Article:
There are things you read about and safely assume will never happen. I think the provision of Financial Emergency in the Constitution of India is supposed to be one of those things. When we casually throw around GDP figures, interest rates and innumerable indices in our jargon while talking about the economy, we don’t realise that these numbers affect lives, actual human lives. A percentage point here and there affects people’s livelihood in a very real way.
Various schemes have come to the rescue such as a relief package worth INR 1.70 lakh crore, extending the dates for filing taxes, providing 15,000 crores for health infrastructure, waiving the requirement of maintaining certain minimum balance in bank accounts, and extending the date for filing tax returns. State governments have also introduced financial packages. The Reserve Bank of India (RBI) has eased norms for insolvency and bankruptcy, MSME’s, etc. All of this is contributing to a grave financial threat to our country.
Lets first get our facts straight.
What are the grounds of proclaiming an emergency?
Article 360 empowers the president to proclaim a Financial Emergency if he is satisfied that a situation has arisen due to which the financial stability or credit of India or any part of its territory is threatened. This satisfaction of President is not beyond Judicial Review (44th Amendment Act of 1978) implying that it can be questioned.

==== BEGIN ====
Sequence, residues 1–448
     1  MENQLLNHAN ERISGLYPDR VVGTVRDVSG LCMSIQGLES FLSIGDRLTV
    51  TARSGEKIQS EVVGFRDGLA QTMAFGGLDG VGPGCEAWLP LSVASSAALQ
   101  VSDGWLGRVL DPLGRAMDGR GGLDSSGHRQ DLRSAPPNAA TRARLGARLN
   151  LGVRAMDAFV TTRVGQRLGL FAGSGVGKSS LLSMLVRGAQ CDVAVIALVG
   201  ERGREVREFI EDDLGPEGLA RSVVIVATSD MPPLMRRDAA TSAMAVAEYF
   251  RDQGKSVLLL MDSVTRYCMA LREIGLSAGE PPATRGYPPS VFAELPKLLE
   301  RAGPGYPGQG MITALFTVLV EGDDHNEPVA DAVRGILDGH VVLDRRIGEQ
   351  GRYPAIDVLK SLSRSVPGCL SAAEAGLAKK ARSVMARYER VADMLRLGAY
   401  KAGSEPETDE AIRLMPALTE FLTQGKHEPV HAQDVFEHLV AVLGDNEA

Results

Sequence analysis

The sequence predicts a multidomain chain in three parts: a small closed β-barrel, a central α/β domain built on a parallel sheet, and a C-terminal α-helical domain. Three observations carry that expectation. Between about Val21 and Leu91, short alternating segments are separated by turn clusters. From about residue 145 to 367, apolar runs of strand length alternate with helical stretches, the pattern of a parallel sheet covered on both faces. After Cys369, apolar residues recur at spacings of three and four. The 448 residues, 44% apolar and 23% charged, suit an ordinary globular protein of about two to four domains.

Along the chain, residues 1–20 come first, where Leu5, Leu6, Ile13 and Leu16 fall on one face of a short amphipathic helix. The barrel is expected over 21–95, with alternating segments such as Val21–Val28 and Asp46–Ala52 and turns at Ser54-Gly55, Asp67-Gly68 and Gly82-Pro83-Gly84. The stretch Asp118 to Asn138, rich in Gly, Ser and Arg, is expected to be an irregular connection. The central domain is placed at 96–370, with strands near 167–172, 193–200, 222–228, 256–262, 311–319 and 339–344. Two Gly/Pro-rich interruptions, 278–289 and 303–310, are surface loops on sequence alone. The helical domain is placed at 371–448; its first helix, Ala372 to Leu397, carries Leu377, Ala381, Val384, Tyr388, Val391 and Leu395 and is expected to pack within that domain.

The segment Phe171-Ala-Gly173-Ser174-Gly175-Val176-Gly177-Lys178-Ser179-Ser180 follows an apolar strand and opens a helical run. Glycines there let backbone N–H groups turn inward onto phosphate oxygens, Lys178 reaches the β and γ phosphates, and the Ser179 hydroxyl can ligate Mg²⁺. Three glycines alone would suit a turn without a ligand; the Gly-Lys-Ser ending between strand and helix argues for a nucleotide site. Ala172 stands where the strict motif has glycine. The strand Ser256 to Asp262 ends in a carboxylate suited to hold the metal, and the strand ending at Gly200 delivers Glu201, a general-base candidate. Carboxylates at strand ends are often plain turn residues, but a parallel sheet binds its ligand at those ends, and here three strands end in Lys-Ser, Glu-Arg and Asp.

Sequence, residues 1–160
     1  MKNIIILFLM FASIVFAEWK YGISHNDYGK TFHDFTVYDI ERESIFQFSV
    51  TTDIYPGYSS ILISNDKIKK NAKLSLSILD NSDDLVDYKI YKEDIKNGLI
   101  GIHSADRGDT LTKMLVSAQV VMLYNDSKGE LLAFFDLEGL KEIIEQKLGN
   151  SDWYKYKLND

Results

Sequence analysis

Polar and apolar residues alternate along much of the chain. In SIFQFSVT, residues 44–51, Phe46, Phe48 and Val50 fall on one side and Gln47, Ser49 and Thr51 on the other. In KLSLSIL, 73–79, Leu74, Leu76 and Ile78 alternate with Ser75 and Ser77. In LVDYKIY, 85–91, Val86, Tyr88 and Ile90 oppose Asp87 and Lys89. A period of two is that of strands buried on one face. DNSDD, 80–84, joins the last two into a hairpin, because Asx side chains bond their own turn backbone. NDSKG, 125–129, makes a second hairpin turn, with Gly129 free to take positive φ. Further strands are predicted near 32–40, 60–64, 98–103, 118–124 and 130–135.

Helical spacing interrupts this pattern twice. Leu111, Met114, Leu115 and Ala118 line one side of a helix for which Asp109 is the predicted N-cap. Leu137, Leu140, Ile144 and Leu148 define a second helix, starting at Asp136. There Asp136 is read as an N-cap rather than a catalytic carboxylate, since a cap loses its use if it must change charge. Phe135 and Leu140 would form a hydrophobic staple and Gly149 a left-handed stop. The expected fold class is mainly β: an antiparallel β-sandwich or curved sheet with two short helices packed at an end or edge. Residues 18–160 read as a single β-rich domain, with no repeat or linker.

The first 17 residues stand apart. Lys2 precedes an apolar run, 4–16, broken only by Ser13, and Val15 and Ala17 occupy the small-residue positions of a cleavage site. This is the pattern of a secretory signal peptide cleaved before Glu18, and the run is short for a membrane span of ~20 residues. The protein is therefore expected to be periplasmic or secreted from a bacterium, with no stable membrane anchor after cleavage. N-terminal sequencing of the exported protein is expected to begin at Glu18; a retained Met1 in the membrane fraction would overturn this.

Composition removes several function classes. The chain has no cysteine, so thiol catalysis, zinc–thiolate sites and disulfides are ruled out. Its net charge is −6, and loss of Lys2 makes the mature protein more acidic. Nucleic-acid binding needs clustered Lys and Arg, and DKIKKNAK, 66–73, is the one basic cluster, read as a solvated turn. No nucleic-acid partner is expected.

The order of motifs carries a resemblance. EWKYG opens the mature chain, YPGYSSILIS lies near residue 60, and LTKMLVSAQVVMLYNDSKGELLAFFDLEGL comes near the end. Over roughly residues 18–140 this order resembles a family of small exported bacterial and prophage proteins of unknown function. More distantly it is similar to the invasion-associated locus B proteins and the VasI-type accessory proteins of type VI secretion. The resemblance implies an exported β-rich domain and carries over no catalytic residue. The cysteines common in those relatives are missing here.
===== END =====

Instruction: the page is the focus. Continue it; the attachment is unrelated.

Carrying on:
What exactly happens during a Financial Emergency?
- During the financial emergency, the executive authority of the Center expands and it can give financial orders to any state according to its own.
- All money bills or other financial bills, that come up for the President’s consideration after being passed by the state legislature, can be reserved.
- Salaries and allowances of all or any class of persons serving in the state can be reduced.
- The President may issue directions for the reduction of salaries and allowances of; (i) All or any class of persons serving the Union and (ii) The judges of the Supreme Court and the High Court
It is the first point that should be noted. It poses a serious threat to the financial autonomy of the states that is against the federal structure of the country. Also, the current support system is of the administration staff and bureaucrats of government and a reduction in salaries or other similar measures can divert their attention from the task at hand i.e. managing the crisis.
The thing is we’ve faced worse. During 1991 India had less than $1 billion dollars in forex and could finance only three weeks of import at one point. We did not do it then, I don’t see why we would do it now. Moreover, there are other means to deal with the crisis that are enshrined in the constitution. Proper enforcement is a different issue altogether. We can’t deny the fact that the system is in a disarray. For instance, there is a massive disconnect among various spheres of administration (the blame game is on).
There is one other way of looking at it. Well, the government won’t declare it even if the need arises because it would create further hysteria. The government really would want to avoid it at all costs (that are veryyyy hugeeee).